The rosy topline indicators also mask our country’s deep racial divides. The black unemployment rate remains more than twice as high as the rate for whites (6.7% versus 3.1% for whites) and it has increased from 6.5% in April 2018.
People of color are also more likely than whites to be among the more than 27 million Americans who lack health insurance. The uninsured rate is 19% for Latinos and 11% for blacks, compared to 7% for whites. And according to a recent report co-published by the Institute for Policy Studies, 37 percent of black families and 33 percent of Latino families have zero wealth or are in debt, compared to just 15.5 percent of white families.
Despite the overall tightening of the labor market, a large share of U.S. jobs are still “precarious,” with little security in terms of retirement benefits, affordable health insurance, or predictable scheduling.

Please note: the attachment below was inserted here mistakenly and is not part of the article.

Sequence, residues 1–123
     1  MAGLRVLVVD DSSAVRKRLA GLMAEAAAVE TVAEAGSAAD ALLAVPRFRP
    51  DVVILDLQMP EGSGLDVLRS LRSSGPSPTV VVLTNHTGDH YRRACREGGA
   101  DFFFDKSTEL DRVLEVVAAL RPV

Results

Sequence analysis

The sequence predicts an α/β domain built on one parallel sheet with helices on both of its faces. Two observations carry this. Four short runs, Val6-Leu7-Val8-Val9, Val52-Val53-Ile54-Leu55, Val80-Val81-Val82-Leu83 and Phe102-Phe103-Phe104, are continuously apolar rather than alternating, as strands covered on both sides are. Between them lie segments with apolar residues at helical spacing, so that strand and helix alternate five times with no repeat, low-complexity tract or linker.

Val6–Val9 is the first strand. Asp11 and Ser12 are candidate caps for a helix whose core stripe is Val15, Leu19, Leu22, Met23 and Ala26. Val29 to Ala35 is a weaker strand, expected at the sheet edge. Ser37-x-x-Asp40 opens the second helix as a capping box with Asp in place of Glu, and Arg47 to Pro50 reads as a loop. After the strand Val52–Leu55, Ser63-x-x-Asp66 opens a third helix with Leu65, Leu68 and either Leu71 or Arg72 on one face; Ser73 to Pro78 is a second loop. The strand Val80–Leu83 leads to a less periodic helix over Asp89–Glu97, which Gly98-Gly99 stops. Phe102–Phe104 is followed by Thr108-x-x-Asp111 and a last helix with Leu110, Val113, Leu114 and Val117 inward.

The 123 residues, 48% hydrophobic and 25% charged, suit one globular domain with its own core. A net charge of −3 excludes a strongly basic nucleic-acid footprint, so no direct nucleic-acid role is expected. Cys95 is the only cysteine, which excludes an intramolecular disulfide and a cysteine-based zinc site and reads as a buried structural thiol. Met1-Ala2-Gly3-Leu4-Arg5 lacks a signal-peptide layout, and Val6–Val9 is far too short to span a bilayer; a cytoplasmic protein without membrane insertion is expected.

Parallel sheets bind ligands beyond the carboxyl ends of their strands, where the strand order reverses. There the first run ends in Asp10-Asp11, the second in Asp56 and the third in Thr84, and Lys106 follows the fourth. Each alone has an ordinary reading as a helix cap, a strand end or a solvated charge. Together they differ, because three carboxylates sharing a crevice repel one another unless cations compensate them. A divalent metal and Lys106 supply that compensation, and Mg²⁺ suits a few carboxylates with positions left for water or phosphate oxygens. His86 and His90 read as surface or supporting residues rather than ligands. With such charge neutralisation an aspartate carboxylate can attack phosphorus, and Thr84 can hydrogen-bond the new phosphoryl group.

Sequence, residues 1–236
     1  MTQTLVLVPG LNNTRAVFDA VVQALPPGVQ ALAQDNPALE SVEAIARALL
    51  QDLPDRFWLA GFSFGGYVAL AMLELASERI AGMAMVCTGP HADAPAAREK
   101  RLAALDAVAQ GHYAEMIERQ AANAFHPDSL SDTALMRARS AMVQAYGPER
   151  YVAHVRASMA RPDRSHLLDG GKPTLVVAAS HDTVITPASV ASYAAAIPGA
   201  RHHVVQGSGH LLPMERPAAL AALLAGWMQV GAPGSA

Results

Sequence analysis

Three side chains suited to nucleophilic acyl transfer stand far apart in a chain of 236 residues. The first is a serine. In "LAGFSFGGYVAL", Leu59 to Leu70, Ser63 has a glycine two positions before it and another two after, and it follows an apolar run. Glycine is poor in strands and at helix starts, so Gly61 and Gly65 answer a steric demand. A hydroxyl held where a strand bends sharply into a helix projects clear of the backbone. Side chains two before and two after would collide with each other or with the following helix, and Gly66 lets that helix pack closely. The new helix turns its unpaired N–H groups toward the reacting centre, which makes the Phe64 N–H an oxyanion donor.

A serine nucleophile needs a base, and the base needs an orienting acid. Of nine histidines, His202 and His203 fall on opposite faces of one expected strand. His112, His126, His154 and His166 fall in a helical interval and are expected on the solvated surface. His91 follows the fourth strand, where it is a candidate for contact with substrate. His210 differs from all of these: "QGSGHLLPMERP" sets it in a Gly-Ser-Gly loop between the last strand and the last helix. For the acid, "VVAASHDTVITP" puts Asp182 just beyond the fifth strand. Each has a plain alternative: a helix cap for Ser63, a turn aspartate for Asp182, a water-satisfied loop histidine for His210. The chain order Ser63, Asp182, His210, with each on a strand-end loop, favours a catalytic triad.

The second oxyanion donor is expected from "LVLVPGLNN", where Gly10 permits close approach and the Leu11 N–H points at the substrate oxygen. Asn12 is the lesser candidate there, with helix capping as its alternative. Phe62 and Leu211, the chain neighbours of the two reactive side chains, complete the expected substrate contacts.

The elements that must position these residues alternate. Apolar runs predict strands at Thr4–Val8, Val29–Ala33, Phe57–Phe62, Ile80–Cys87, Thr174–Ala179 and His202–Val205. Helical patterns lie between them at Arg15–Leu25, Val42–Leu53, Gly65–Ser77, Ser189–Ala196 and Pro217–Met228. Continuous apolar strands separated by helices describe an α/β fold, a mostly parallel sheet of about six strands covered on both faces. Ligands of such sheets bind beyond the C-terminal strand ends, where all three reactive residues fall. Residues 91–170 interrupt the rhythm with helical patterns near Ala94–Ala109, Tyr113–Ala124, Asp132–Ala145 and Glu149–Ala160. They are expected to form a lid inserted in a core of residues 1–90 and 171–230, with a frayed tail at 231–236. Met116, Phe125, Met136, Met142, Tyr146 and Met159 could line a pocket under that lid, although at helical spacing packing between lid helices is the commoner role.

While presiding over an economic recovery that started under his predecessor, Trump has done nothing on his own to lift up working people.
The president has signed several executive orders to curtail labor union rights and his Labor Department recently announced plans to scale back an Obama policy to expand overtime rights to millions of workers. He has also lent his support to “right to work” laws that undercut unions by prohibiting them from requiring workers who benefit from collective bargaining agreements to pay dues.
Unless workers have more power to negotiate for their fair share of economic awards, even a real economic boom will have limited benefit for those who need it most.
Sarah Anderson directs the Global Economy Project and co-edits Inequality.org at the Institute for Policy Studies. For more of her analysis of the state of the U.S. economy, check out her recent interview on NPR’s 1A.